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WEST SENECA AMONG FINALISTS FOR SILICON CHIP PLANT

In an economic development version of the popular television show "Survivor," West Seneca has made the handful of finalists for the next chip fabrication plant in New York.

More than a dozen localities across the state began trying a couple years ago to get "pre-permitted" for a chip plant, the new economy prize typically bringing thousands of high paying jobs and spin-off development.

An industrial park off Route 400 is one of four serious contenders remaining, according to state officials. Most other sites, such as ones in Rochester and Rensselaer County, have dropped out to pursue more immediate opportunities. Dutchess County is off the list because it landed a $2.5 billion IBM plant last year.

Getting a site shovel-ready is the easy part. The real trick is beating out global competition to attract an Intel, Texas Instruments or another technology giant.

"Our strategy worked as far as IBM in Poughkeepsie, and we hope to replicate that in other parts of the state," said David Pietrusza, a spokesman for the Governor's Office for Regulatory Reform, which runs the SEMI NY chip plant initiative. "We don't rank the remaining sites, because it's really apples and oranges. They're all at different stages of development and each one has its own strengths. Any type of ranking system would be artificial."

West Seneca's strengths are 300 developable acres adjacent to a 230-kilovolt power grid, more than 3 million gallons of water available per day from the Erie County Water Authority for the water-intensive wafer fabrication process, interstate highway access, and a nearby metropolitan area work force.

The short term prospects for New York to attract another chip plant are tempered by the current economic downturn. Intel has slowed completion of a new plant in Colorado Springs and Motorola is laying off more than 10 percent of its 130,000 chip plant workers worldwide.

Chip sales grew 37 percent in 2000, but they likely won't hit forecasted growth of 22 percent this year, according to the Semiconductor Industry Association in San Jose. The reason is an oversupply of unused chips produced in last year's boom. And a slowdown in chip sales usually means a lull in construction of new chip fabrication plants.

West Seneca may have to stay in the hunt for years before its hand becomes a winner.

"As much as we hear that there's a downturn right now. The long-term trends are still there and the need for chips is still there," said David Lawrence, executive director of the West Seneca Development Corp. "We are aware of some site searches going on right now. That's about all I can say. Is anything hot right now? No."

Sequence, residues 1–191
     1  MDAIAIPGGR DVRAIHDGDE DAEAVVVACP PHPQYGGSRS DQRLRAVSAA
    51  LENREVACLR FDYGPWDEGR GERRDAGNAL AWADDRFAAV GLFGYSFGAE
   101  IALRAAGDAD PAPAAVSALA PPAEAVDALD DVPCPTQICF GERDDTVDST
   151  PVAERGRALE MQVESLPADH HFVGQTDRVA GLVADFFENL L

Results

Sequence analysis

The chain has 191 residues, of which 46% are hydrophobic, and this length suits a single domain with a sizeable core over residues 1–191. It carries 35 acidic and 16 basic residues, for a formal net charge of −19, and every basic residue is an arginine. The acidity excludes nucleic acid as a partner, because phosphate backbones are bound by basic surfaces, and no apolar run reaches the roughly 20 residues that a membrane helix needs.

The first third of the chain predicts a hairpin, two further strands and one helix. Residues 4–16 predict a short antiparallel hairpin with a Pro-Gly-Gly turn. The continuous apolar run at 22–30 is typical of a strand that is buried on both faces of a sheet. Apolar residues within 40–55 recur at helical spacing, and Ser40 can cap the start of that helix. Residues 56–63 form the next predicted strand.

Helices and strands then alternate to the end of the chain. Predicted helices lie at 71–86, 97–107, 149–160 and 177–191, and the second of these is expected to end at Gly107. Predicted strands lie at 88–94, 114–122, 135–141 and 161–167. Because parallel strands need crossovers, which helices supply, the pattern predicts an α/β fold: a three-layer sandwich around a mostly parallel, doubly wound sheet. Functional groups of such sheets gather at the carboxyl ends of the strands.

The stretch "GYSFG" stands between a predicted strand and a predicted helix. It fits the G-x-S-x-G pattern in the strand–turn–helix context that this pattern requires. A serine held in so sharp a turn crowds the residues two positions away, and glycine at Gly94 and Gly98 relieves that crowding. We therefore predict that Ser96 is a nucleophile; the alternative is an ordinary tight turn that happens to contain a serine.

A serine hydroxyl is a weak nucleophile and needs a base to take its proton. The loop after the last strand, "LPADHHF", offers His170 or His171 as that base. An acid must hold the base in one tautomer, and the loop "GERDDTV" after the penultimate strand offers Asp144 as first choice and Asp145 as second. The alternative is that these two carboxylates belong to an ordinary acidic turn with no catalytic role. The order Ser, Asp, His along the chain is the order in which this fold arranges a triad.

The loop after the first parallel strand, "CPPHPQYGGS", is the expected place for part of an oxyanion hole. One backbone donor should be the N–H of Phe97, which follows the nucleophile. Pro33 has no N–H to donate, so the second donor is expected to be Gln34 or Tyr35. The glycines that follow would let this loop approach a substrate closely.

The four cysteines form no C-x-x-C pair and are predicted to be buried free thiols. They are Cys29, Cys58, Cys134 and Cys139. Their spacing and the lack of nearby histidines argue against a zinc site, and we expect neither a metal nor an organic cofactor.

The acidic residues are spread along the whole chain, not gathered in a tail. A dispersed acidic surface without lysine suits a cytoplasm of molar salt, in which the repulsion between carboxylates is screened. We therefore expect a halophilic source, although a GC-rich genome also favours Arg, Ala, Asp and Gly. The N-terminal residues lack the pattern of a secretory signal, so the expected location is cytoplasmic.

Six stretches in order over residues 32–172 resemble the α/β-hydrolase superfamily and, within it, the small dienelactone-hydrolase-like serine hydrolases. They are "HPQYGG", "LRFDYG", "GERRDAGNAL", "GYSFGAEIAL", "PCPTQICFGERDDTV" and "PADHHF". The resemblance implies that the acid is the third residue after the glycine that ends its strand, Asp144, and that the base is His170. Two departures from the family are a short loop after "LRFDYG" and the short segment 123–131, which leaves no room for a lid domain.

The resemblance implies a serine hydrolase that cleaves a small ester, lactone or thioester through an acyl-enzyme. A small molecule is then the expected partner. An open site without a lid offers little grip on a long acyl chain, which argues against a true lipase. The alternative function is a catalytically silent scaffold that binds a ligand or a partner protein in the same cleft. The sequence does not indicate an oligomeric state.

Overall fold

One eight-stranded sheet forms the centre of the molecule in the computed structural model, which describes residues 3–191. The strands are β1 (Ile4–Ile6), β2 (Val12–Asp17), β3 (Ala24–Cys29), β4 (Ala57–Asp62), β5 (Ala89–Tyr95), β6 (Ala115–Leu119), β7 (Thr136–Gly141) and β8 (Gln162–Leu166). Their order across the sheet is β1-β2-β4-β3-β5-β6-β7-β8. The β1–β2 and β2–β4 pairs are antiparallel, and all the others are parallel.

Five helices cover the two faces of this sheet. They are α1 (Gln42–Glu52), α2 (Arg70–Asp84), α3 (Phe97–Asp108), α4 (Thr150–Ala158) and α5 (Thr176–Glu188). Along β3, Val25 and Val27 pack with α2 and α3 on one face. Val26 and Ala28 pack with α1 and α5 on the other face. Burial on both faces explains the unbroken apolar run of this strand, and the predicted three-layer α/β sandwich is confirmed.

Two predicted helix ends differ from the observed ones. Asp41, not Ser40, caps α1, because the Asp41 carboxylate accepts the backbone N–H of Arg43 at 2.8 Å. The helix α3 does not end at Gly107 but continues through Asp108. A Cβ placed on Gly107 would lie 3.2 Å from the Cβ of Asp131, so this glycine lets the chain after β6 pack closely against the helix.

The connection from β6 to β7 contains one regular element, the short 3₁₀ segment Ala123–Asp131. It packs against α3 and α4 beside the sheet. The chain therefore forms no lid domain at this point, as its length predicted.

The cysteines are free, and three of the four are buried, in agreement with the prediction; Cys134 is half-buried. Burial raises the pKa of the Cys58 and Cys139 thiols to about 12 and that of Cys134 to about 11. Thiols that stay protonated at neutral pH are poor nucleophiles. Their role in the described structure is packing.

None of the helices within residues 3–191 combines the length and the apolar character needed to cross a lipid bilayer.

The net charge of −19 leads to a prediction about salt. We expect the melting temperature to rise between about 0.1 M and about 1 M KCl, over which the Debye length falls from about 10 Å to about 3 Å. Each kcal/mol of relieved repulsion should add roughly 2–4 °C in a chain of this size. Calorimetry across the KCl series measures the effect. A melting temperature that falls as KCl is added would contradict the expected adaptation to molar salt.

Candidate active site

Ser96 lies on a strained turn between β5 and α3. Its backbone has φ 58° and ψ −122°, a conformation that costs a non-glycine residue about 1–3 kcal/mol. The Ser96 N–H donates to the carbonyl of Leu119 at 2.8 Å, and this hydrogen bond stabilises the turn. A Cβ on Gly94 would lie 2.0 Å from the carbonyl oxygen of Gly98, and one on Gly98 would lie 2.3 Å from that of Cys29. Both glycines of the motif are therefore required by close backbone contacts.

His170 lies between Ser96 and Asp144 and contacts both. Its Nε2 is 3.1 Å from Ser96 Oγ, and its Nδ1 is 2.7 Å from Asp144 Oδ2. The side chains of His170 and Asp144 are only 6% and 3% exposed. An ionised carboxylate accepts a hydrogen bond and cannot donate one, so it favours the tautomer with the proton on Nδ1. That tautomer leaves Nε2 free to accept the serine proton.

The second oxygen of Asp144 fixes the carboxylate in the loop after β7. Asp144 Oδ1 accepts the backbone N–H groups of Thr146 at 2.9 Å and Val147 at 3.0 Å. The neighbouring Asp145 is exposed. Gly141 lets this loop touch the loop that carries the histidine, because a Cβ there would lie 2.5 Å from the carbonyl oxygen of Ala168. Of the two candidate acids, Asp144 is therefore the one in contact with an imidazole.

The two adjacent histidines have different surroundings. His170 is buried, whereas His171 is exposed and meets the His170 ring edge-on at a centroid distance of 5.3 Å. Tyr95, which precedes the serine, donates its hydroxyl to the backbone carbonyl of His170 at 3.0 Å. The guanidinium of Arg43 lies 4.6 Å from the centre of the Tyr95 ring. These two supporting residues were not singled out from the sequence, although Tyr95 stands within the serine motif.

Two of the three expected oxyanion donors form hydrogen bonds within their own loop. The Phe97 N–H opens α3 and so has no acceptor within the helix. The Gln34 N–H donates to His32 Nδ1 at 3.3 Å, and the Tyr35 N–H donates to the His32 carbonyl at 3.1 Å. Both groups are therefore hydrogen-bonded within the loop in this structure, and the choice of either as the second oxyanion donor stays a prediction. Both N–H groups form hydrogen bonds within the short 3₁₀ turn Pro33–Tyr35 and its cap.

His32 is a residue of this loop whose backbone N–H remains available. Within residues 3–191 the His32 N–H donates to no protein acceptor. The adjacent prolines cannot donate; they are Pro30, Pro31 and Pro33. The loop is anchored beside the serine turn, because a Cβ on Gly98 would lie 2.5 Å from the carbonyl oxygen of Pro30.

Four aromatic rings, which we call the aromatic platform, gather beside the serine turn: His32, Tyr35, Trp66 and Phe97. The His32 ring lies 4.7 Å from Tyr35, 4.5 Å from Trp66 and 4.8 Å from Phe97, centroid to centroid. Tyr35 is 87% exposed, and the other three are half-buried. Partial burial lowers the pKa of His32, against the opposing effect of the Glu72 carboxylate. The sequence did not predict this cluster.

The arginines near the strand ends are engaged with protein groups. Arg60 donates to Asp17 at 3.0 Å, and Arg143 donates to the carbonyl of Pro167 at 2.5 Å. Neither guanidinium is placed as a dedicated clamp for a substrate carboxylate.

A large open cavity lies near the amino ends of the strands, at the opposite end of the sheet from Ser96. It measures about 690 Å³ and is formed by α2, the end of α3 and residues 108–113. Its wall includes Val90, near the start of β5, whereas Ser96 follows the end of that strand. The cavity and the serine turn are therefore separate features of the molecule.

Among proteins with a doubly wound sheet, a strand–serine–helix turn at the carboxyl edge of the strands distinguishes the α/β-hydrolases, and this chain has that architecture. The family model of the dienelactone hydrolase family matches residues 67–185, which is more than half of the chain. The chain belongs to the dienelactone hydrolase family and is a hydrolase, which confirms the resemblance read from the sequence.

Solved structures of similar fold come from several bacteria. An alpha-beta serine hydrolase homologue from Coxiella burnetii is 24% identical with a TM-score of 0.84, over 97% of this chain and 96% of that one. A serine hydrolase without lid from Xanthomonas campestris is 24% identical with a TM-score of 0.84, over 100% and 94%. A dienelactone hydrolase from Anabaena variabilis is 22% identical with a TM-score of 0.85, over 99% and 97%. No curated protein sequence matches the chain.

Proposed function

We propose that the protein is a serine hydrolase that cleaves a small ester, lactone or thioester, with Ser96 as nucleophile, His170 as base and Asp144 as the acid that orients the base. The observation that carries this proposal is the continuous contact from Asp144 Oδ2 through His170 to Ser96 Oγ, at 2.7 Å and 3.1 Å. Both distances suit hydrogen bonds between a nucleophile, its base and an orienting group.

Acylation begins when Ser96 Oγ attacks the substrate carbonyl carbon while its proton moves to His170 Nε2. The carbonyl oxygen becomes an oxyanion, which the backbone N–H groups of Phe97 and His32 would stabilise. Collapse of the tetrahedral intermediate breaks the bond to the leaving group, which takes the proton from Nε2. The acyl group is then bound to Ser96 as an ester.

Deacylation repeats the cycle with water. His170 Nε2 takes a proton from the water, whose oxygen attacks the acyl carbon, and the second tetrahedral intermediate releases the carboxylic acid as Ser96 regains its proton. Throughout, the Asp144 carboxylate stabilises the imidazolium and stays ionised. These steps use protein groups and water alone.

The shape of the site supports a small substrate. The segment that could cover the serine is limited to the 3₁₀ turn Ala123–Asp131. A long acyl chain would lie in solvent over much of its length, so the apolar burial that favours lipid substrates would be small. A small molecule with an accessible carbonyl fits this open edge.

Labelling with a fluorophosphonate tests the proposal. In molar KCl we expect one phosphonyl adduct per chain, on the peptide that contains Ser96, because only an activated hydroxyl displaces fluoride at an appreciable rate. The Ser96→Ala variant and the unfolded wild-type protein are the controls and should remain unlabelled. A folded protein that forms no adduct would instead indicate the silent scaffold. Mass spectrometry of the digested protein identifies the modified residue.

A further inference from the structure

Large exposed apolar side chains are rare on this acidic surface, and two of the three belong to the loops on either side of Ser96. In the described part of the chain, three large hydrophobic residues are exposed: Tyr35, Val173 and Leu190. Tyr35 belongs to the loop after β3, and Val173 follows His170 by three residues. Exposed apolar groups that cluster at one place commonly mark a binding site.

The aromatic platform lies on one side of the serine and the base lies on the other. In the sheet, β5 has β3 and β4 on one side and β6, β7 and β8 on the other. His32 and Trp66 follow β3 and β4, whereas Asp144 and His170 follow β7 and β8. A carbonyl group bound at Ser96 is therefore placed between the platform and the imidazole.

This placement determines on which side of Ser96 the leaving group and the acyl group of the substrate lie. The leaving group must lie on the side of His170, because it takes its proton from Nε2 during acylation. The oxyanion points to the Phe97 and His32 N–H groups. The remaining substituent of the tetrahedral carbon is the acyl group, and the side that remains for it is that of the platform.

Wallkill, in Orange County, already has a site that has been pre-permitted, meaning a plant could be built and opened within 15 months because all wetlands, historic preservation and other regulatory issues have been addressed.

Aurelius, in Cayuga County, has a 219-acre industrial park located in an Empire Zone, carrying significant tax credits, which has also been approved as shovel ready.

The West Seneca site should be certified by summer after a supplementary environmental impact study is completed by TVGA Engineering of Elma, Lawrence said.

Marcy, in Oneida County, is also far along in the pre-permitting process.

A site in the town of Clay, near Syracuse, is still alive but farther behind in the process, Pietrusza said. The industry slowdown could give Clay ample time to complete the process and become a serious contender.

The Capital Region Semiconducter Task Force, operating separately from the governor's initiative, is trying to pre-qualify sites in the Albany area. The Capital Region has the advantage of a 300-millimeter wafer prototyping and work force training initiative being developed at SUNY-Albany.

Thomas Kucharski, president of the Buffalo Niagara Enterprise marketing initiative, sees the prospects for landing a plant in West Seneca as a "long shot."

"At the worst, we've got a developable site ready. A fab plant would be great, but so would a research and development campus or a software facility," said Kucharski, who recently returned from an economic development conference in the Silicon Valley.

IBM's new plant in East Fishkill will manufacture 300-millimeter chips, which are bigger and more powerful than the older generation 200mm chips. The state offered IBM more than $500 million in economic development incentives to lure the project creating 1,000 jobs.

"New plants go on line as new technology goes on line. We're a computer-driven society now and there's no sign of that trend slowing down. We're just going to see more powerful chips doing more and more things in our society and you're going to need new places to build them," said Pietrusza.

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